So while my Dad and his other friends were free to go play, Jack Yamaguchi, at the age of 12, was a prisoner of war in his own country.
But Jack was willing to forgive his country. He said, “I knew in my heart I was an American, and nothing or nobody could change that.” “I always say in the long run, everything worked out for me…
I was never angry about what happened to me…I always say, when you’re angry, you are your worst enemy.”
And so, 4 years after his release, he too joined the United States Marine Corps.
Few people join the military because they love war. They do not hope to die for their country, but they join realizing that dying is a distinct possibility.
When the Korean War broke out, Dad and his friends were in the thick of the fighting.
At first, it was going badly for us. We were barely holding on to an area known as the Pusan Perimeter.
Then Dad and all his friends made it safely through the Inchon Invasion. Suddenly, the war was going in our favor. Surely everyone would be home safely by Christmas.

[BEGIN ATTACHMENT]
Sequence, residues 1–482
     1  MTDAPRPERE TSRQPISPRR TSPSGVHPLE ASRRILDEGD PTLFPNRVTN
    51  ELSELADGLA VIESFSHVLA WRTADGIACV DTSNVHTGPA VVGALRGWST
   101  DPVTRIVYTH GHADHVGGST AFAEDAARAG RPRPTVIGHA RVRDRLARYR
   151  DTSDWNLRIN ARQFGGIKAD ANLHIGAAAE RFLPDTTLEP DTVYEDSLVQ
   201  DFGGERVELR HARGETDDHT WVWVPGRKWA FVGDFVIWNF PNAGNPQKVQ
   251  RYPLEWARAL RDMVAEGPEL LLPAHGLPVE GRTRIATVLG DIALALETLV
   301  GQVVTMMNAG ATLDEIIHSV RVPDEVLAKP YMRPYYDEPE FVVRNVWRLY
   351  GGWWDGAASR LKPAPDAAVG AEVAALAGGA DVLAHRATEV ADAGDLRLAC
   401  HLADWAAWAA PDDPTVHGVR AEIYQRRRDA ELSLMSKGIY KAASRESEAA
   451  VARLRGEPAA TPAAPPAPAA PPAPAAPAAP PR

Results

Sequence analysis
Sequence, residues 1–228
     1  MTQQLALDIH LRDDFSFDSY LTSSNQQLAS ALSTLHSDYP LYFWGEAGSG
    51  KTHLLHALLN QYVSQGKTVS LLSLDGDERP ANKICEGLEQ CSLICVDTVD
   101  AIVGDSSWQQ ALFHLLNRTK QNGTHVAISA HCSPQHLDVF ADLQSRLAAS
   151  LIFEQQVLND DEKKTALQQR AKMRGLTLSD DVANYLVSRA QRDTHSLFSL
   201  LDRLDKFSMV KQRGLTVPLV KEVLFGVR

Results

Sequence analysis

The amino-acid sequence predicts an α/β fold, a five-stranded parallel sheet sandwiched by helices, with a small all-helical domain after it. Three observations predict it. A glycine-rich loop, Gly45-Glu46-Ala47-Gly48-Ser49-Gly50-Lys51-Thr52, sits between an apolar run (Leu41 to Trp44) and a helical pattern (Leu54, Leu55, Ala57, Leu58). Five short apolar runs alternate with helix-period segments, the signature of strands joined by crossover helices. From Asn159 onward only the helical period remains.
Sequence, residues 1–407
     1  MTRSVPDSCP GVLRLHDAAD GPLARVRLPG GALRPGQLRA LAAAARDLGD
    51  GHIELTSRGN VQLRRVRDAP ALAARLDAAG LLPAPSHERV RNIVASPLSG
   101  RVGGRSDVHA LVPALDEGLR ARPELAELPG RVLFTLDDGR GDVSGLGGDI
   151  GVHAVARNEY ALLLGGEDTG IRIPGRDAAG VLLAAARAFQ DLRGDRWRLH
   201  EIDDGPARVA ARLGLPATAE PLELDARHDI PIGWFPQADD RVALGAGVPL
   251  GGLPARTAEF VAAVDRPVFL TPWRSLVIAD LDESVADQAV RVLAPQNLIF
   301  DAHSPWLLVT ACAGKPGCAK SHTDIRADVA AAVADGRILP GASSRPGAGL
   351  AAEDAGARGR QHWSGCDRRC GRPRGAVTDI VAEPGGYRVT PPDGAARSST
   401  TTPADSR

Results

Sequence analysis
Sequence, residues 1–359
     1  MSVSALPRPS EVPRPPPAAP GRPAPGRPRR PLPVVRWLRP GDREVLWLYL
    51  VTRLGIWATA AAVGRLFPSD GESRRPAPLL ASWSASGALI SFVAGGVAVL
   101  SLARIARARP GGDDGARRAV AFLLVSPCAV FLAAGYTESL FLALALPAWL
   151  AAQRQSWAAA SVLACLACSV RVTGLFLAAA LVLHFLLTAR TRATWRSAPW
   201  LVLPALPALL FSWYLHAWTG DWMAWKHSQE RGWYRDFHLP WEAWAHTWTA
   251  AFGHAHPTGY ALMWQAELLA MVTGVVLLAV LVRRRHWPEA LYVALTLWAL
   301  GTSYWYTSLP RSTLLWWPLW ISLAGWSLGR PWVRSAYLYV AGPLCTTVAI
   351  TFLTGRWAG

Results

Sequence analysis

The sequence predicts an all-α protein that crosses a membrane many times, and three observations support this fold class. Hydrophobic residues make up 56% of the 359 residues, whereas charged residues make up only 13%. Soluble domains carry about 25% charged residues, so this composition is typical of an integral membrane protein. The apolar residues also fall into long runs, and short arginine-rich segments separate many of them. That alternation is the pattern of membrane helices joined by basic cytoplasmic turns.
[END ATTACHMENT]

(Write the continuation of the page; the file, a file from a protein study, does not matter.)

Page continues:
But one night, there was a mortar attack. There was fear and confusion, bombs seemed to be coming from everywhere. The men, deep in their two-man foxholes said prayers, not just for themselves, but for their buddies, and their families back home.
Bobby Kipp and his foxhole buddy were dug in. But it wasn’t enough. In the morning, they pulled his foxhole partner out, unconscious, but alive. But Dad’s friend Bobby was dead. Bobby was buried back home here in Lehighton, 9 months later.
At about this same time, my grandfather, my Dad’s dad, died back home here in Lehighton.